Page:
North Korea is rapidly progressing with its military technology, South Korea warns as Kim Jong Un launches suspected hypersonic missile, reaching a speed of Mach 10, in latest test
- South Korean military said the ‘suspected ballistic missile’ launched Tuesday
- It said it reached hypersonic speeds – a sign of ‘progress’ from a test last week
- North Korea has seen rapid progress in its military technology in the last decade
- The progress has coincided with Kim Jong Un’s first 10 years in power
North Korea fired a suspected hypersonic missile into the sea on Tuesday reaching a speed of Mach 10, with South Korea’s military warning the second such weapons test in less than a week showed clear signs of progress.
The early-morning launch came as the UN Security Council met in New York to discuss last week’s test of what Pyongyang called a hypersonic missile, although Seoul has cast doubt on that claim.
But the South Korean military said the ‘suspected ballistic missile’ launched Tuesday had reached hypersonic speeds – a sign of ‘progress’ from the last week’s test.
In the decade since leader Kim Jong Un took power, North Korea has seen rapid progress in its military technology at the cost of international sanctions.
Tuesday’s missile landed outside Japan’s exclusive economic zone. While there were no immediate reports of damage, Japan’s Prime Minister Fumio Kishida called the launch ‘extremely regrettable’.
North Korea fired a suspected hypersonic missile into the sea on Tuesday reaching a speed of Mach 10, with South Korea’s military warning the second such weapons test in less than a week showed clear signs of progress
US Forces Korea said the test ‘highlights the destabilizing impact of the DPRK’s illicit weapons program,’ using the acronym of North Korea’s official name.
The missile, fired towards the sea east of the peninsula on Tuesday at around 7:27 am (2227 GMT Monday), flew 435 miles at an altitude of around 37 miles at Mach 10 speed, Seoul’s Joint Chiefs of Staff said.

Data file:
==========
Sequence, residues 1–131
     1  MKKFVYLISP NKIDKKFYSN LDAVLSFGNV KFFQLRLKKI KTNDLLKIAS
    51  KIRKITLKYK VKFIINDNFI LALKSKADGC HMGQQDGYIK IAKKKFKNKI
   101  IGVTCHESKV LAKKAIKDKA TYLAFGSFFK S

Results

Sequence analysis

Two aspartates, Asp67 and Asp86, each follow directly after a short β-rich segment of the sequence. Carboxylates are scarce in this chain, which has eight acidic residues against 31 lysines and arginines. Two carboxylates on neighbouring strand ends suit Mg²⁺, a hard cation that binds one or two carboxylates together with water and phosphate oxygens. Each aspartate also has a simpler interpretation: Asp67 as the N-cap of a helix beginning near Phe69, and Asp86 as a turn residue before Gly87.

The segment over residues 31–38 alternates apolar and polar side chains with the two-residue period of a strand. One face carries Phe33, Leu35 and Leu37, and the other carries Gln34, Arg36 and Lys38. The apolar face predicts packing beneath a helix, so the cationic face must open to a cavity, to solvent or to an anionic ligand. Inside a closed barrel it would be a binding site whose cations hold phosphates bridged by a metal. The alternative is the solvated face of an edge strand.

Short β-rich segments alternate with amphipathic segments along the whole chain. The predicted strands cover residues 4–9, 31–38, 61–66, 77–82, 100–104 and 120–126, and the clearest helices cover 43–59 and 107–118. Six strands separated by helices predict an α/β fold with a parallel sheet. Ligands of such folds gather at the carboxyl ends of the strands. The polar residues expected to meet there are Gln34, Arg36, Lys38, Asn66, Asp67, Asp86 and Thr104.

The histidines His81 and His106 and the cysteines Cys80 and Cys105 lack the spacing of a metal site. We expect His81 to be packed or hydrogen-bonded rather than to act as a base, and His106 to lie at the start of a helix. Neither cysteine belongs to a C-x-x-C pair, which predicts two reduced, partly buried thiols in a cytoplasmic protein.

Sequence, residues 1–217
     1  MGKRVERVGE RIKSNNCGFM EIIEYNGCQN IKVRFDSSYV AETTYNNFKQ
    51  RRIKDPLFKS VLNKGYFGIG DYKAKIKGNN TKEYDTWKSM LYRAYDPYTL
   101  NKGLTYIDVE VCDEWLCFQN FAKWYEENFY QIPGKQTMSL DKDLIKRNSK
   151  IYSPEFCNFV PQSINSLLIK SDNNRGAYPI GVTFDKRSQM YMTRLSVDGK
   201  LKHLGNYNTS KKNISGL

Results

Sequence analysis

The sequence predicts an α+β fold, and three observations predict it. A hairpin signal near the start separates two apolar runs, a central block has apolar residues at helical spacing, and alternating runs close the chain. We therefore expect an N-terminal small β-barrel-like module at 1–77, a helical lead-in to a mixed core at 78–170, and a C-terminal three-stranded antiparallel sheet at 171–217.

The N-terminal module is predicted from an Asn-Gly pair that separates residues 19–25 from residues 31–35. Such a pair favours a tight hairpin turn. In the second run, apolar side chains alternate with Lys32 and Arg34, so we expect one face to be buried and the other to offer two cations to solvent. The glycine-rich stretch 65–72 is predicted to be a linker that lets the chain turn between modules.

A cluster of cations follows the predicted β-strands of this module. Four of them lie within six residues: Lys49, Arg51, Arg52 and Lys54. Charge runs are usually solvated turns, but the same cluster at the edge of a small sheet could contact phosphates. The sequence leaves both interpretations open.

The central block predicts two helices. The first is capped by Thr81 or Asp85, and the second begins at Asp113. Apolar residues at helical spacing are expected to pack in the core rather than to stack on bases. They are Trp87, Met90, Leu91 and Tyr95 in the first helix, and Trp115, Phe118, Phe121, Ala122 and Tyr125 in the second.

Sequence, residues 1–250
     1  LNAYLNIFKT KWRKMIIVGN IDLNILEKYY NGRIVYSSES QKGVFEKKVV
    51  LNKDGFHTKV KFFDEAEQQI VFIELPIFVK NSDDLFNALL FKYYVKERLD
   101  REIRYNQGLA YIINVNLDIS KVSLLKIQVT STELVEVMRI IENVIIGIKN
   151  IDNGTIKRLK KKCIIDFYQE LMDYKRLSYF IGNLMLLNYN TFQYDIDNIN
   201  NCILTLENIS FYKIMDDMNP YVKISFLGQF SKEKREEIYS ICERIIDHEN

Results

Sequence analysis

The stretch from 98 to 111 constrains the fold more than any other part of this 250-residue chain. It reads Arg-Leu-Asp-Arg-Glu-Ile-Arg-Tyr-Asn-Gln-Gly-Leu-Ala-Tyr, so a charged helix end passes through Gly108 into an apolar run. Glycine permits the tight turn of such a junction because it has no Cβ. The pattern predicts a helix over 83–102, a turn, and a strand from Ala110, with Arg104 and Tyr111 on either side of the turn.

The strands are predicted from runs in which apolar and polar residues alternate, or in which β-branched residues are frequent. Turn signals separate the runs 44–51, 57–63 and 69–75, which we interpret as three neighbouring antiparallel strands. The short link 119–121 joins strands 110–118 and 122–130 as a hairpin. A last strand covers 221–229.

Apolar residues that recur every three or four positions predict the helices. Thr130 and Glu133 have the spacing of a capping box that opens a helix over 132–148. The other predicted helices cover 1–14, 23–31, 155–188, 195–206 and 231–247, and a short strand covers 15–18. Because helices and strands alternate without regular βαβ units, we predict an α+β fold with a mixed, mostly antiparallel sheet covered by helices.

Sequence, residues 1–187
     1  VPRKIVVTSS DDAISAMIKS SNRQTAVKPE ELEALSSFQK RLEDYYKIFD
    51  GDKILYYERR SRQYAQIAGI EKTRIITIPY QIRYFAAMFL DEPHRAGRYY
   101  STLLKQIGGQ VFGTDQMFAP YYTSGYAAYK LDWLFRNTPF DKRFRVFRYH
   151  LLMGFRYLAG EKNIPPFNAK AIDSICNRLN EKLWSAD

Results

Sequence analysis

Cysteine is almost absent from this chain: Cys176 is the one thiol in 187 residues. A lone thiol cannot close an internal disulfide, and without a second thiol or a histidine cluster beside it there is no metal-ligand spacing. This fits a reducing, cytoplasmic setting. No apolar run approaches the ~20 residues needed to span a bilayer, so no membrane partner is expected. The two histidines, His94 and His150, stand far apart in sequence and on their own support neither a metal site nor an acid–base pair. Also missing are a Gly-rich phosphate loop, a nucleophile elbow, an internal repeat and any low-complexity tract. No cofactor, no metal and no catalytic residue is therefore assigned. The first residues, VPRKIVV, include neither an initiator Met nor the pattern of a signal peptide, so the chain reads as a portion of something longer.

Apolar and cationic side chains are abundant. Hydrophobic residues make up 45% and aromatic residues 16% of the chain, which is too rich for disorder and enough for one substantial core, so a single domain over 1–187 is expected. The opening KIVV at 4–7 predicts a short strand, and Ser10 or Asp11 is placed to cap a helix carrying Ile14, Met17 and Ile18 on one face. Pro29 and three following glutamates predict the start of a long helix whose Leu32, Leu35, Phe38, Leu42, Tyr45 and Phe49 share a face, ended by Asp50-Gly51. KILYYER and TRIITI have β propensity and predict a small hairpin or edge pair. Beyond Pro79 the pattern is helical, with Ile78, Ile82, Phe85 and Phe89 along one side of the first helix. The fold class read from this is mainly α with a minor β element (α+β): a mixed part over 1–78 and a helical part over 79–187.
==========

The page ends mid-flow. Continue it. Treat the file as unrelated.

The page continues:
Hypersonic missiles travel at speeds of Mach 5 and higher and can maneuver mid-flight, making them harder to track and intercept.
Before the UN Security Council meeting to discuss Pyongyang’s weapons program, six countries, including the US and Japan, called on North Korea to ‘engage in meaningful dialogue towards our shared goal of complete denuclearization’.
Pyongyang had likely planned the latest launch to coincide with the UN meeting ‘to maximise its political impact,’ Shin Beom-chul, a researcher at the Korea Research Institute for National Strategy, told AFP.
He said the Tuesday launch looked like a hypersonic missile test, judging by the purported speed, but warned against reading too much into it.
‘Since South Korea claimed [the January 5 test] wasn’t a hypersonic missile referring to the speed, Pyongyang may have tried to showcase its maximum speed,’ this time around, he said.
Cheong Seong-Chang, a senior analyst at the private Sejong Institute in South Korea, said the North’s leadership would have been ‘enraged’ by South Korea’s assessment of last week’s launch and may have planned a series of tests in a push to make its threat credible.
Hypersonic missiles were listed among the ‘top priority’ tasks for strategic weapons in its current five-year plan, and it announced its first test – of the Hwasong-8 – in September last year.
Experts say North Korea is likely years away from acquiring a credible hypersonic system.
In the decade since leader Kim Jong Un (pictured center, December 27) took power, North Korea has seen rapid progress in its military technology at the cost of international sanctions
Pyongyang has also said it had successfully tested new submarine-launched ballistic missiles, a long-range cruise missile, and a train-launched weapon in 2021.
In 2021, nuclear-armed North Korea said it had successfully tested a new type of submarine-launched ballistic missile, a long-range cruise missile, a train-launched weapon, and what it described as a hypersonic warhead.